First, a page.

nep-exp New Economics Papers
on Experimental Economics
Issue of 2010‒02‒05
four papers chosen by
Daniel Houser
George Mason University

  1. Will You Accept Without Knowing What? A Thuringian Newspaper Experiment of the Yes-No Game By Werner Güth; Oliver Kirchkamp
  2. Behavioral Economic Concepts To Encourage Healthy Eating in School Cafeterias: Experiments and Lessons From College Students By Just, David R.; Wansink, Brian; Mancino, Lisa; Guthrie, Joanne
  3. Sense of Control Affects Investment Behavior By Li King King
  4. Impacts of Personality on Herding in Financial Decision-Making By Baddeley, M.; Burke, C.; Schultz, W.; Tobler, T.

  1. By: Werner Güth (Strategiec Interaction Group, Max Planck Institute of Economics, Jena); Oliver Kirchkamp (Friedrich-Schiller-University Jena, School of Economics and Business Administration)
    Abstract: Many economic experiments are run in the laboratory with students as participants. In this paper we use a newspaper experiment to learn more about external validity of lab research. Our workhorse is the Yes-No game. Unlike in ultimatum games responders of the Yes-No games do not know the proposal when deciding between whether to accept it or not. We use two different amounts that can be shared (100 Euro and 1000 Euro). In line with findings for the ultimatum game, offers were fairer and rejections less likely when participants are older and submit their decisisons via mail rather than the Internet. By comparing our results with other studies (using executives or students), we demonstrate, at least for this type of game, the external validity of lab research.
    JEL: C91 C93
    Date: 2010–01–25
  2. By: Just, David R.; Wansink, Brian; Mancino, Lisa; Guthrie, Joanne
    Abstract: Changing small factors that influence consumer choice may lead to healthier eating within controlled settings, such as school cafeterias. This report describes a behavioral experiment in a college cafeteria to assess the effects of various payment options and menu selection methods on food choices. The results indicate that payment options, such as cash or debit cards, can significantly affect food choices. College students using a card that prepaid only for healthful foods made more nutritious choices than students using either cash or general debit cards. How and when individuals select their food can also influence food choices. College students who preselected their meals from a menu board made significantly different food choices than students who ordered their meals while viewing the foods in line.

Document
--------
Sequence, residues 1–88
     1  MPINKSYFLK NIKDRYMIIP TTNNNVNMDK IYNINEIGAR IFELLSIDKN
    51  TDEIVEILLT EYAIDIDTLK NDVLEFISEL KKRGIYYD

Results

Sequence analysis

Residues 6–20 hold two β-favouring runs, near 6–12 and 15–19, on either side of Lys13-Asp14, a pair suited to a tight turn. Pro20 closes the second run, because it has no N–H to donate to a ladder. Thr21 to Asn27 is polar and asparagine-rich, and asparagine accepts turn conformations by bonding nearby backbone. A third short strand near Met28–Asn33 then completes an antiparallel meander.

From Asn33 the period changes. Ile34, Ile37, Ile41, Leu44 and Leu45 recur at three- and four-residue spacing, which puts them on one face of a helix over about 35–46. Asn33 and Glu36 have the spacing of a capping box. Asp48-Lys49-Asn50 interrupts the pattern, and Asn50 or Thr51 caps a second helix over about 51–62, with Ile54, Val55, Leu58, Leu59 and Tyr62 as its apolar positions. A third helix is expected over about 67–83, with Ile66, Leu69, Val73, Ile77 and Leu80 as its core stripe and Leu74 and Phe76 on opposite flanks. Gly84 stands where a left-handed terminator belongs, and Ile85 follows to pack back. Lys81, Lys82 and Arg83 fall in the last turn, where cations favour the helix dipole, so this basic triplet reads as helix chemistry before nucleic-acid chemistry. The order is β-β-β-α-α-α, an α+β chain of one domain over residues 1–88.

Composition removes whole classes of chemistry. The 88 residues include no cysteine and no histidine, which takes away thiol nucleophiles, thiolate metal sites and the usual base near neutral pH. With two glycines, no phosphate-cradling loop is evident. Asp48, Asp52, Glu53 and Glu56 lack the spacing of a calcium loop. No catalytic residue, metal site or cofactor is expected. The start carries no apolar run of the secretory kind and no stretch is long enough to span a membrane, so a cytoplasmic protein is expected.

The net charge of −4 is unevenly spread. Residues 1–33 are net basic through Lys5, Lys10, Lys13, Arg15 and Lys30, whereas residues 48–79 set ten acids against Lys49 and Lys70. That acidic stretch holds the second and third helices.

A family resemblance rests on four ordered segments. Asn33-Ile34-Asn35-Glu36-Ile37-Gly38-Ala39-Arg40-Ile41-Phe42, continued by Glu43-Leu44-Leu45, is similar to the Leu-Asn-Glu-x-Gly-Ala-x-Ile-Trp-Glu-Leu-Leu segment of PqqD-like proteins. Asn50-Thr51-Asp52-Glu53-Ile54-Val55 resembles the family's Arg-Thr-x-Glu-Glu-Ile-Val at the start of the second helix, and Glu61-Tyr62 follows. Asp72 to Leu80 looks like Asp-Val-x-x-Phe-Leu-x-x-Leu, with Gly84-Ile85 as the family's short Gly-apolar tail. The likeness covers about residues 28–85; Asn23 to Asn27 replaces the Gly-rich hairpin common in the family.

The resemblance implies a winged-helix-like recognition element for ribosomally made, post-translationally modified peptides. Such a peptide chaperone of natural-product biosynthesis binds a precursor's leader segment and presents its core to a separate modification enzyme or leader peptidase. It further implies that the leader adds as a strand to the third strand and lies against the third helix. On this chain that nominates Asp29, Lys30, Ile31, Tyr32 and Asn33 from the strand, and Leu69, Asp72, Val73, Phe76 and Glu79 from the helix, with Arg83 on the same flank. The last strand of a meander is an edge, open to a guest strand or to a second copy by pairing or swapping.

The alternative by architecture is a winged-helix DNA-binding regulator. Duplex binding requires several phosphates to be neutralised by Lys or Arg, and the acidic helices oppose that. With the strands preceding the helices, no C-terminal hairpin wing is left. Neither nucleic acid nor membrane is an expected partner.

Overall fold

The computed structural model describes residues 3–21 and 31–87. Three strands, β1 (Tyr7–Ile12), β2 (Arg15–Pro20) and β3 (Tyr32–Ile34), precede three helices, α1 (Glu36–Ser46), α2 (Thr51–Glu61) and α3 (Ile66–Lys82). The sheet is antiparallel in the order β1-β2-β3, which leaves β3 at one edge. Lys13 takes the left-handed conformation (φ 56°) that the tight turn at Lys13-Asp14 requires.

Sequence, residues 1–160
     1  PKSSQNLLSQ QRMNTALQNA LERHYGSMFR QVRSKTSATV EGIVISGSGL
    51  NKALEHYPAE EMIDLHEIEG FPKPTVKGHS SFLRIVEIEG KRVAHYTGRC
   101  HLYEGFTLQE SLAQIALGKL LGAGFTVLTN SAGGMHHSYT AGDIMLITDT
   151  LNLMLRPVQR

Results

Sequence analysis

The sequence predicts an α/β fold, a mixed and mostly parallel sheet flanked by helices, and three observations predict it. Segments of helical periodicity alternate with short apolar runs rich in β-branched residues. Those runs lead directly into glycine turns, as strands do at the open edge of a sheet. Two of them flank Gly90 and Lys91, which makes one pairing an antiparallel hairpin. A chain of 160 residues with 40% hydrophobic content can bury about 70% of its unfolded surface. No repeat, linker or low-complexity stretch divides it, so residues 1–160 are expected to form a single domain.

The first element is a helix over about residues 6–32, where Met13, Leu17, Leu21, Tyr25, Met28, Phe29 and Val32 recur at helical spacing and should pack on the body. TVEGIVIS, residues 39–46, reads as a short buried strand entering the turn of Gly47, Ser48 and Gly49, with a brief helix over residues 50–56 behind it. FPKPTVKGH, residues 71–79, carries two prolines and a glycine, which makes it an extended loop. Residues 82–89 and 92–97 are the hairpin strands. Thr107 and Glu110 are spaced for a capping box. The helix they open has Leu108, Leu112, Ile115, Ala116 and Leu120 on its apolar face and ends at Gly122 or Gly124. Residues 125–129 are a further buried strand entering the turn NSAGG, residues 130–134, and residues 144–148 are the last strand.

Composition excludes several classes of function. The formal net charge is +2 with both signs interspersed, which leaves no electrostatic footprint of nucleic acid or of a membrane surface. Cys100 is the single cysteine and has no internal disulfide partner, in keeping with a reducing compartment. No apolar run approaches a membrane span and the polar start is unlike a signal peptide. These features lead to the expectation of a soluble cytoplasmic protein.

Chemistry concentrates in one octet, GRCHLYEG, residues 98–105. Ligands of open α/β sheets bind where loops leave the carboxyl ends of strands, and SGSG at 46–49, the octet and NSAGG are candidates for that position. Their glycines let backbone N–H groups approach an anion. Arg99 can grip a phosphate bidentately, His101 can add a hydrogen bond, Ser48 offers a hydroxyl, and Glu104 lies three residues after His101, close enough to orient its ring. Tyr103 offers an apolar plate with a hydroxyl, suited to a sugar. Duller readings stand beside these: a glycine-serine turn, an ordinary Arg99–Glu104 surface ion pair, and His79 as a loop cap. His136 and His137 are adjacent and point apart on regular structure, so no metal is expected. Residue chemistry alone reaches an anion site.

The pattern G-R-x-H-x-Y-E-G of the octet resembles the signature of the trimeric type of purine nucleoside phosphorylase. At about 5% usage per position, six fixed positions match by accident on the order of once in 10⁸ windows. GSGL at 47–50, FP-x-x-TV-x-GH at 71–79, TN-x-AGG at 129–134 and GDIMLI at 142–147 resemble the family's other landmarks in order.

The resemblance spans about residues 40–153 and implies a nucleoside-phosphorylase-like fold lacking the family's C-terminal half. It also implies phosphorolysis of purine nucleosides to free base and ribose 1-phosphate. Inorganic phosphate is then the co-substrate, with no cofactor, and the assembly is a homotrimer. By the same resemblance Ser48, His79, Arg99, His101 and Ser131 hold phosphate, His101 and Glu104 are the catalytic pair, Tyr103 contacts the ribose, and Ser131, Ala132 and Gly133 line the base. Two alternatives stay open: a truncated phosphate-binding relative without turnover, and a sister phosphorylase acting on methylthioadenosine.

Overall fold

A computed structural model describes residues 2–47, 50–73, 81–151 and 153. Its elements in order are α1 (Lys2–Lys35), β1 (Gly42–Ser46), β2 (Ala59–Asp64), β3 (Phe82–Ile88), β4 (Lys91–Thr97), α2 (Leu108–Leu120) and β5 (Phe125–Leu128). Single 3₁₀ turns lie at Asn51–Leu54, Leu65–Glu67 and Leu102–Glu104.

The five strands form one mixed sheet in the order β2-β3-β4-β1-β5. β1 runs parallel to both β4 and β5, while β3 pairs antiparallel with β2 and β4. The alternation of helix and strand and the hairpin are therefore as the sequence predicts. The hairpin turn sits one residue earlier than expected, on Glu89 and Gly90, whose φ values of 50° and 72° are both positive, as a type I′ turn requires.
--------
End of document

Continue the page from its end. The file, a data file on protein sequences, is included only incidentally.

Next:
Keywords: Behavioral economics, healthy eating, diet quality, food choices, school meal programs, experimental economics, ERS, USDA., Agricultural and Food Policy, Food Consumption/Nutrition/Food Safety, Health Economics and Policy, Institutional and Behavioral Economics, Teaching/Communication/Extension/Profession,
    Date: 2008–12
  3. By: Li King King (Strategic Interaction Group, Max Planck Institute of Economics, Jena)
    Abstract: Preference for control affects investment behavior. Participants of laboratory experiments invest different amount of money in a risky asset when face with two different methods of control which have identical payoff structure and probability distribution, but provide different sense of control. Preference for controlling and not controlling are both observed. Participants increase their investment when their preferred method of control is used. Participants who prefer to control more reduce their investment more strongly when face with less control. Preference for control has larger effect on investment behavior when participants are induced to have a comparative mindset rather than non-comparative mindset.
    Keywords: Preference for control, sense of control, risk attitudes, illusion of control, source preference, portfolio choice, behavioral finance, comparative mindset, non-comparative mindset
    JEL: B49 C91 D81 G11 G19
    Date: 2010–01–20
  4. By: Baddeley, M.; Burke, C.; Schultz, W.; Tobler, T.
    Abstract: Experimental analyses have identified significant tendencies for individuals to follow herd decisions, a finding which has been explained using Bayesian principles of statistical inference. This paper outlines the results from a herding task designed to extend these analyses. Empirically, we estimate logistic functions using panel fixed effect estimation techniques to quantify the impact of herd decisions on individuals‘ decisions about whether or not to buy a financial asset. We confirm that there are statistically significant propensities to herd and that social information about others‘ decisions has an impact on individuals‘ decisions. We extend these findings by identifying associations between herding propensities and individual characteristics such as gender, age and specific personality traits including impulsivity and venturesomeness.
    Keywords: herding, social influence, financial decision making, personality
    JEL: D81 C92 G14
    Date: 2010–01–22

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